Muzzafar Chishti, a lawyer, is a senior fellow at the nonpartisan Migration Policy Institute (MPI) and director of MPI’s office at New York University School of Law. He specializes in immigration policy and has spent years researching and writing about the United States’ outdated asylum system, which he says is “built on a 1952 architecture.”
Chishti discusses how the system could be meaningfully changed, including how Congress could make it both more humane and responsive to the country’s needs.
The United States, he says, is facing two fundamental crises when it comes to migration. The first is that the workforce is aging, which means we need to bring in younger workers, which will have the added benefit of keeping social security alive. The second crisis is that, globally, many people see the asylum system as the only way to enter the United States. “It’s become this default mechanism,” he says. “Not only for people to enter the United States but also for our labor market.”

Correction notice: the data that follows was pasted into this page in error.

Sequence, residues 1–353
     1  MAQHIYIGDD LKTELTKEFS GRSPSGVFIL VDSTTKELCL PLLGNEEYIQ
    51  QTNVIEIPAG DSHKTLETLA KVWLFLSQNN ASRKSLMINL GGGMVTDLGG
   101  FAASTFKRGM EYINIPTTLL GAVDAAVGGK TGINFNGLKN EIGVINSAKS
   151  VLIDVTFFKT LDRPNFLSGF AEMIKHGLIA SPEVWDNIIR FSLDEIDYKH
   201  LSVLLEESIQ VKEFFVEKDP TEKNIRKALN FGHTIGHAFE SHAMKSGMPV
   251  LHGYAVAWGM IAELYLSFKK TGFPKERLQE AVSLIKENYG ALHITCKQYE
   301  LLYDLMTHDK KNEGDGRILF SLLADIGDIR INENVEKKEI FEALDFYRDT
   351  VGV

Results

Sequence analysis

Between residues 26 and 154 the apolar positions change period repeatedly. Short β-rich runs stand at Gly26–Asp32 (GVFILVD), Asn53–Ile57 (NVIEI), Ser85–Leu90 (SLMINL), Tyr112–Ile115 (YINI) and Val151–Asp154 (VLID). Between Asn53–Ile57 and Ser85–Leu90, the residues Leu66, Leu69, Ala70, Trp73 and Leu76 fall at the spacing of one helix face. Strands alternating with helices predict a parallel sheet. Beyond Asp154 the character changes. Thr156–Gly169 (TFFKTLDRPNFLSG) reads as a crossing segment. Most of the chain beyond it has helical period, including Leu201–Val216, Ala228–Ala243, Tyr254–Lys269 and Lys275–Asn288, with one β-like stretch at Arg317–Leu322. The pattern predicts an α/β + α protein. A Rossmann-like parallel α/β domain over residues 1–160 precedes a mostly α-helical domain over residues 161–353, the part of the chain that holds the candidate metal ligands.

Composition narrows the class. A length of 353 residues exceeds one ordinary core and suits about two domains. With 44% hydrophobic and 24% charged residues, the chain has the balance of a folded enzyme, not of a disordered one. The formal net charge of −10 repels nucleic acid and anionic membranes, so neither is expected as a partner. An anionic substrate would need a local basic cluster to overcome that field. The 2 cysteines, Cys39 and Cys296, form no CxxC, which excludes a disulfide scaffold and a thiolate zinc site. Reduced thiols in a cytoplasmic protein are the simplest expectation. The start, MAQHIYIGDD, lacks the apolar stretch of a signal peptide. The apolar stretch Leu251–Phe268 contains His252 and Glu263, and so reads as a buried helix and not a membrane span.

“Asylum is the defining nature of our country. People came here seeking refuge,” he says. “We are in danger of losing it if we don’t correct it.”
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